Everything is urgent. How many times have you heard that? The business needs this functionality to launch a new product, we have to have that piece of functionality to comply with new legislation, our current software licence is expiring. There are a myriad of factors influencing priority how do you deal with them in a way that recognises and mitigates for risk. Yes, risk. How often have you been tempted to put off dealing with difficult or risky functionality? How often has your decision to take the low hanging fruit turned sour?
In OUM we have an approach to prioritisation that is comprehensive and realistic, in other words fit for purpose.
Before you start the list of Use Cases should be reviewed and approved by the key stakeholders to ensure expectations are managed.
When that is done we can start evaluating use cases based on four perspectives.
Now let us drill down a little on each one.
Identify whether functionality is highest priority and is the focus of the system, or borders on being out-of-scope with a real potential to be postponed.
When it’s a challenge to get your customer to commit to prioritizing Use Cases, a 2 x 2 Urgency/Importance Matrix can be helpful.
This gives you a way of seeing what the Importance of the use case to the business, and the urgency to have the functionality available .Used in combination they help to determine priority.
The premise is that Importance is a measure of value to the business and Urgency is a measure of how quickly they need this functionality, so these can be used to differentiate priority.
Risk is a measure of uncertainty and for each Use Case you should identify the things that could occur and the impact to the project if it did
A Risk Portfolio Chart can be used to plot each Use Case profile based on its probability of occurrence and the degree of impact if the risk(s) occurs.
There are generally four categories of Risk. These four (4) categories should be used as a checklist by you to ensure all risks are identified.
Each risk that is forgotten or mismanaged may cause schedule slips, implementation problems, or worse.
It is important that people understand what gets elevated to management vs. what can be handled at project level - e.g., management risks often cannot be handled at the project level.
· Sometimes it is useful to graphically plot the Use Cases on a Risk Portfolio Chart. Each use case is assessed and then plotted on a risk profile chart to show the probability that the risk(s) will occur and the degree of impact if it does.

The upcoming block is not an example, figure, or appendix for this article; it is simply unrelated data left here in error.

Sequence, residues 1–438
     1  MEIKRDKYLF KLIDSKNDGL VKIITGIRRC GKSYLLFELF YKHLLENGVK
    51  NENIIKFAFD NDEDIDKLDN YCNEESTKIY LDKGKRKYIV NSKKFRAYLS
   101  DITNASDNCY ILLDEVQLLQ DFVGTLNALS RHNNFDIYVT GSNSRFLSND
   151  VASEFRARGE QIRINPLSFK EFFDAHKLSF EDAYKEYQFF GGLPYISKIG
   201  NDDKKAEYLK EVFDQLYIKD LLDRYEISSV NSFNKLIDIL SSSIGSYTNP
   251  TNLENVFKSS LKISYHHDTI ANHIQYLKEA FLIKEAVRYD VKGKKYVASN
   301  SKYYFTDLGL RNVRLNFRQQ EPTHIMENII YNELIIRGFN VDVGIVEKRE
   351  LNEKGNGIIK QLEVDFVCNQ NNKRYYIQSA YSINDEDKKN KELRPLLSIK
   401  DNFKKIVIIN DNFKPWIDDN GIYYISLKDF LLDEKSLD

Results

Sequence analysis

The higher the probability and the impact, the more emphasis a project manager should place on that Use Case to ensure the proper mitigation strategy is applied to eliminate or reduce the risks.
You need to assess whether functionality contains simplistic input and output algorithms or intricate critical methods. Typical complexity factors to consider are:
It is common for one Use Case to “depend upon’ one or more other Use Cases and/or external interfaces. Often the pre- and post- conditions of a Use Case will hint at these dependencies.
Dependencies between Use Cases and/or external interfaces often will drive the sequence regarding how the Use Cases will need to be written and/or implemented.
These perspectives provide input into the planning process. Use cases do not have to be prioritized this way, there could be other factors.
For example once you know the business delivery priorities, you can then plan the development priorities.
However one best practice is to address the highest risk early in the project. This minimizes the possibility of working on the least important things first, and then not having time. When the more complex or architecturally significant use cases are considered too late in the project lifecycle, you are at risk of missing requirements, which will severely impact the usefulness of the system to the end users.
So, everything is urgent. Correct??